From the start of 2022/23, Premier League clubs will be allowed to make five substitutions per match.

We previously saw this rule temporarily brought into play at the back-end of 2019/20, when a Covid-interrupted campaign had to be played to a conclusion over the summer months.

The impact of the 5-substitutions rule

While some will argue that this should provide more opportunities for young players, there is a growing sentiment that the rule gives an advantage to those teams with bigger squads, such as Liverpool, Chelsea, and Manchester City.

The five-substitutes rule ran for nine Gameweeks at the conclusion of the 2019/20 campaign.

Four teams – Manchester City, Arsenal, Aston Villa and Sheffield United – each had an extra fixture during the run-in, so they contested ten games in total.

With these extra substitutions now a factor, however, it seems unlikely that Pep Guardiola will leave his superstar names on the bench quite so often in 2022/23, leading to a likely increase in cameo appearances.

As FPL managers, we must now emphasise avoiding players who don’t look 100% nailed to start, to prevent our players from subbing on around the 80th minute to return a single point.

A total of nine Premier League managers from 2019/20 will still be in charge come Gameweek 1 of the upcoming season, with seven of them at the same clubs.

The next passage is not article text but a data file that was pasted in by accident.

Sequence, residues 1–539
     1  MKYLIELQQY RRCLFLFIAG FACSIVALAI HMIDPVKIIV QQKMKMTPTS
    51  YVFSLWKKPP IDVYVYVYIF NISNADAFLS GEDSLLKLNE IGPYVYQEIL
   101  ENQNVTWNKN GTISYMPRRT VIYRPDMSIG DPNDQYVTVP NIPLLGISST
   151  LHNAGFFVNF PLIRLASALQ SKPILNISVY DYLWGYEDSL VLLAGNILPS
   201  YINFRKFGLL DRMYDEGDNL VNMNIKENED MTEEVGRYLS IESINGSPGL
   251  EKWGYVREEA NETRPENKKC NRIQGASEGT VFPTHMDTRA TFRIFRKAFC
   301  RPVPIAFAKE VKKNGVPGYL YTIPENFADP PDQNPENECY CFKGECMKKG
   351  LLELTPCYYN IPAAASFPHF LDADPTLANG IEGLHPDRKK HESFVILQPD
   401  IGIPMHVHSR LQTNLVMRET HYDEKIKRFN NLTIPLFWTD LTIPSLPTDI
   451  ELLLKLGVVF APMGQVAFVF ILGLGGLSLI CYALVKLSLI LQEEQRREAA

Four of the six most active head coaches are still in the managerial hot-seat, with Graham Potter the most prolific tinkerer: the Brighton and Hove Albion boss averaged 4.8 changes per match from Gameweeks 30+ to 38+ of 2019/20.

Jurgen Klopp wasn’t far behind the Albion manager (4.7), with David Moyes relatively hands-off with an average of three alterations per game.

New signings:

Fabio Vieira: Arsenal have completed the signing of Fabio Vieira after Porto confirmed they had struck an agreement for his transfer.

Due to his versatility, Arsenal will be able to use Vieira in a number of ways, but it will be interesting to see how Arteta plans to accommodate his new signing and Martin Odegaard in the same XI, given that they both traditionally thrive in very similar areas of the pitch.

Erling Haaland: The one player who will be in most of the FPL manager’s minds when they create the team before the season starts.

The 21-year-old scored 62 goals in 67 league games for Borussia Dortmund and comes to the Premier League as arguably the complete striker, joining arguably one of the best teams in the world.

But he’s not going to be cheap, and this season, spending £12-13m in the forward position didn’t get most of them very far.

Premium strikers were very much a bust in 2022/23. We saw Ronaldo playing for the worst United side in decades, Lukaku struggling to see eye-to-eye with Tuchel, and Kane playing second fiddle to Son. These failures may put FPL managers off spending a large chunk of their budget up top, but Haaland should offer a different prospect.